‘To advance… [charitable purpose] by… [very brief outline of activities]’
‘To promote… [charitable purpose] by… [very brief outline of activities]’
‘To provide… [charitable purpose] by… [very brief outline of activities]’
‘To relieve… [charitable purpose] by… [very brief outline of activities]’
If you intend to benefit a particular group of people or a particular geographical area, then this should be clearly stated too. For example:
‘To advance the health of under 16s living in Fife by providing healthy eating and fitness sessions in schools.’
You can get help and advice from a number of organisations when you are writing the purposes. Some charities are set up to benefit specific groups of people who have one or more of the protected characteristics set out in the Equality Act 2010, which are:
If your charity limits its benefits to any group that shares a characteristic protected by the 2010 Act, then that restriction must be stated in your governing document, and you should be able to explain the reasons for the restriction. Our Charities and the Equality Act 2010 guidance gives more detail on how charity and equality law interact.
We will also look at your governing document to see if any of these exceptions apply:
To decide on public benefit (the second requirement of the charity test) we look at what your organisation does or plans to do. We look at your application form and any other information you send to support it (for example business plans, grant applications or leaflets). If we need more information, we will let you know.
If your organisation passes the charity test, we will enter it in the Scottish Charity Register and let you know its charity number.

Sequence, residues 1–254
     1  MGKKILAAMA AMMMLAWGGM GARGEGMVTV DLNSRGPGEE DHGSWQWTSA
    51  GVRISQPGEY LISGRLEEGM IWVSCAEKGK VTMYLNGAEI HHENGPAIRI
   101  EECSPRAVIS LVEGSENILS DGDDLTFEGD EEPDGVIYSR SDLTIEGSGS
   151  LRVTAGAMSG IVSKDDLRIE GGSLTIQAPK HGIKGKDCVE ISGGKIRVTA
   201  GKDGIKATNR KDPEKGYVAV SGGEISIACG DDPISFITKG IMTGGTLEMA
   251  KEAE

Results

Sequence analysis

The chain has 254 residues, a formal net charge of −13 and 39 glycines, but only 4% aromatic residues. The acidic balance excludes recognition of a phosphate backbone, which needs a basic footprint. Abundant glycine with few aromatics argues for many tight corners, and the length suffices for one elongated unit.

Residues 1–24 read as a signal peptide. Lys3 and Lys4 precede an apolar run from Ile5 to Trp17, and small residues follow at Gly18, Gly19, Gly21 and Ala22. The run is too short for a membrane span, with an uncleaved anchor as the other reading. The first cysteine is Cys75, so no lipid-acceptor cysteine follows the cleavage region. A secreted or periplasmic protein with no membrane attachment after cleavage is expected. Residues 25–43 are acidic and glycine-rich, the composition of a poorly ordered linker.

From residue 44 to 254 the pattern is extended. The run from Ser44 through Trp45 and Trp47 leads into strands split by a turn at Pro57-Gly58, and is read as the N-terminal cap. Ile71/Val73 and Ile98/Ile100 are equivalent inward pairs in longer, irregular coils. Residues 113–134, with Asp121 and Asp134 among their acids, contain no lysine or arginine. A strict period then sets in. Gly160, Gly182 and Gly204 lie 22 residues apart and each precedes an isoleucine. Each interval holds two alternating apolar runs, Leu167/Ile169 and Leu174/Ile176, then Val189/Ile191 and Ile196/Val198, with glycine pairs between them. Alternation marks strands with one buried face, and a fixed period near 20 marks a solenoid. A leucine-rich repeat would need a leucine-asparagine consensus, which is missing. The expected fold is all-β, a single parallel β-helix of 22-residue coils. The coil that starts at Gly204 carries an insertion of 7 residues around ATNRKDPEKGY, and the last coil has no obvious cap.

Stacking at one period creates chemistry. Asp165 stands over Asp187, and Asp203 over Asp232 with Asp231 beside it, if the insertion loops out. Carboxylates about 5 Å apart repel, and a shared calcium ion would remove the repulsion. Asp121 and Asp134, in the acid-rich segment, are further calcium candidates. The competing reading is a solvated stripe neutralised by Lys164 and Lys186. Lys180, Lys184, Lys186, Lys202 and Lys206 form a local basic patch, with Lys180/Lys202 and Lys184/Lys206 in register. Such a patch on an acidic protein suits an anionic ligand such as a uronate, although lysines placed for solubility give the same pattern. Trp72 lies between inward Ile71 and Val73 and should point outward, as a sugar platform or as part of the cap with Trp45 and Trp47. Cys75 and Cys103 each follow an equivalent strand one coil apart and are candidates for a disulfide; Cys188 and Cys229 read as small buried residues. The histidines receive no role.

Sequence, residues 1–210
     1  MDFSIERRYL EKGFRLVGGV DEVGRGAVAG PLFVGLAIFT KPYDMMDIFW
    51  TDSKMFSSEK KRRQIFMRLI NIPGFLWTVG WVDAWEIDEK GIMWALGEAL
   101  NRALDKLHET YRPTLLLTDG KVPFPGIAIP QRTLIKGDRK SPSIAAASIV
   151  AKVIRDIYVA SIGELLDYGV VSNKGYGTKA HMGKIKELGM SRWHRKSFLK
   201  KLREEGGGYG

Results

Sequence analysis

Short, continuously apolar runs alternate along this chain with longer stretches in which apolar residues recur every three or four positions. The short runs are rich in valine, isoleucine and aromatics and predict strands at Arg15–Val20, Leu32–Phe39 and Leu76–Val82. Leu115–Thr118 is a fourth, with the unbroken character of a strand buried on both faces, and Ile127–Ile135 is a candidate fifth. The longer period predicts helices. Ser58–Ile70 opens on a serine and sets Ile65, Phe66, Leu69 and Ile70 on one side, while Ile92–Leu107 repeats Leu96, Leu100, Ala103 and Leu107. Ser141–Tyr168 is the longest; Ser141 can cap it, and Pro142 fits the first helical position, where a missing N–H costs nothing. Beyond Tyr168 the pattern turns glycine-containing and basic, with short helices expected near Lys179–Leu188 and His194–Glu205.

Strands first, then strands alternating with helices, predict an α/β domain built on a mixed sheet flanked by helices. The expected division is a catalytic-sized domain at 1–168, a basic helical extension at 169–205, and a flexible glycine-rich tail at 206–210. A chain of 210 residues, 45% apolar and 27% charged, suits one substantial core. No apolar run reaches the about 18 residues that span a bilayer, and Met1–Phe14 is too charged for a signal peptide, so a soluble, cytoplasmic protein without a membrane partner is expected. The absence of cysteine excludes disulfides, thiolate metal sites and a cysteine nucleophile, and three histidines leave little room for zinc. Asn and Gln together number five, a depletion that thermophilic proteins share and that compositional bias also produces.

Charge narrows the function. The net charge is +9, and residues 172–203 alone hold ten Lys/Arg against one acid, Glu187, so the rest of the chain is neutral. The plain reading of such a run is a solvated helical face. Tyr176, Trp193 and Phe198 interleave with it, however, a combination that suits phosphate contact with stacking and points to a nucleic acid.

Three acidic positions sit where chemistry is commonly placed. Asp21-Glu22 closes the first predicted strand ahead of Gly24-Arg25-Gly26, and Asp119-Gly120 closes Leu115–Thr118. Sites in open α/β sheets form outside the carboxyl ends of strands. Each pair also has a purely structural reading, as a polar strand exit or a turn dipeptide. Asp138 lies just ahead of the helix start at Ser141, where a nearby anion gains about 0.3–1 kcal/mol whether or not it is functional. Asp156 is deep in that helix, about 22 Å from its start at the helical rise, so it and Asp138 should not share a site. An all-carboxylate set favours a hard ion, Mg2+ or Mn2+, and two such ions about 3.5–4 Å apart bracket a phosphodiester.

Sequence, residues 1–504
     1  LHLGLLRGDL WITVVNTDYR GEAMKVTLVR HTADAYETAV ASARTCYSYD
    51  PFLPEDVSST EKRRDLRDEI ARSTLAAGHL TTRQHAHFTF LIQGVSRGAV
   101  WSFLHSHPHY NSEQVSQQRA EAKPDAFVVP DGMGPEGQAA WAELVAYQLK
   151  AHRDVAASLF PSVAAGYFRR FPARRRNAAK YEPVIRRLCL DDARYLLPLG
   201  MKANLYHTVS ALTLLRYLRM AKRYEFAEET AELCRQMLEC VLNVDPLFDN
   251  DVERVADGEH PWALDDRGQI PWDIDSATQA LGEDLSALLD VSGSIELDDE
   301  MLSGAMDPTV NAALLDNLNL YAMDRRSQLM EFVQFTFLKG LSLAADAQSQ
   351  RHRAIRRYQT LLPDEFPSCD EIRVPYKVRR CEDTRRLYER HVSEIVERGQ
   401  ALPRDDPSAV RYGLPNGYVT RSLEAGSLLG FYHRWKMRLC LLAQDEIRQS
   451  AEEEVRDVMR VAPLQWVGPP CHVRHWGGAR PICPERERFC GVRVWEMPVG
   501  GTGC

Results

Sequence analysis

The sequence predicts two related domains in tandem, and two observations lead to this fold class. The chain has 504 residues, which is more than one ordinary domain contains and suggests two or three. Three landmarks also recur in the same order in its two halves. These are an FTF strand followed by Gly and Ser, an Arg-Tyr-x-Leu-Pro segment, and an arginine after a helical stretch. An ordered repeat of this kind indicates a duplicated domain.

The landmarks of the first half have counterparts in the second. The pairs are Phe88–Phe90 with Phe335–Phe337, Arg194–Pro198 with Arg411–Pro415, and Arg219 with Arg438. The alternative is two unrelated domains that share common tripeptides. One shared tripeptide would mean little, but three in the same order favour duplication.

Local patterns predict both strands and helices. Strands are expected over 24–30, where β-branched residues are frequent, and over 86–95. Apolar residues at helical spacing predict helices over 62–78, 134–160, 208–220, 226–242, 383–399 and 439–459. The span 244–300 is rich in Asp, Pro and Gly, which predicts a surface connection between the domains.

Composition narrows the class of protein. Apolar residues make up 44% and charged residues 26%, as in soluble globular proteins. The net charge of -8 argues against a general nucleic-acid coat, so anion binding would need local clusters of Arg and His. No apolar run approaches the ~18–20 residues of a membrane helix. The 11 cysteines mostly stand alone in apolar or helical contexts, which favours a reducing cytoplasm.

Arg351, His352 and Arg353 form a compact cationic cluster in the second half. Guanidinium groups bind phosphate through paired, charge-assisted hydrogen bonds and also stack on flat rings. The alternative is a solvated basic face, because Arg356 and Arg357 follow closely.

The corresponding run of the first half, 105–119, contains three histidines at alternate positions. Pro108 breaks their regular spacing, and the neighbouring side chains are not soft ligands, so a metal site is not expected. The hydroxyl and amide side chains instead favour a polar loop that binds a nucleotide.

If there is an issue with your organisation passing the charity test, we will usually contact you to explain the problem. If you cannot resolve the issue and your organisation fails the charity test, we cannot enter it in the Scottish Charity Register and will send you a refusal notice.
If you disagree with our decision to refuse your application to become a charity, you can ask us to review the decision. You must do this within 21 days of our sending you the refusal notice. Our review decision may be to confirm, vary, revoke or reverse the original decision, and we will let you know the outcome within 21 days of receiving your review request.
If you are dissatisfied with the review decision, you can appeal to the General Regulatory Chamber of the First-tier Tribunal for Scotland, then to the Upper Tribunal for Scotland and ultimately to the Court of Session. You must appeal to the General Regulatory Chamber of the First-tier Tribunal for Scotland within 28 days of our review decision. This Tribunal may decide to confirm our decision, to overturn it, or ask us to reconsider our decision.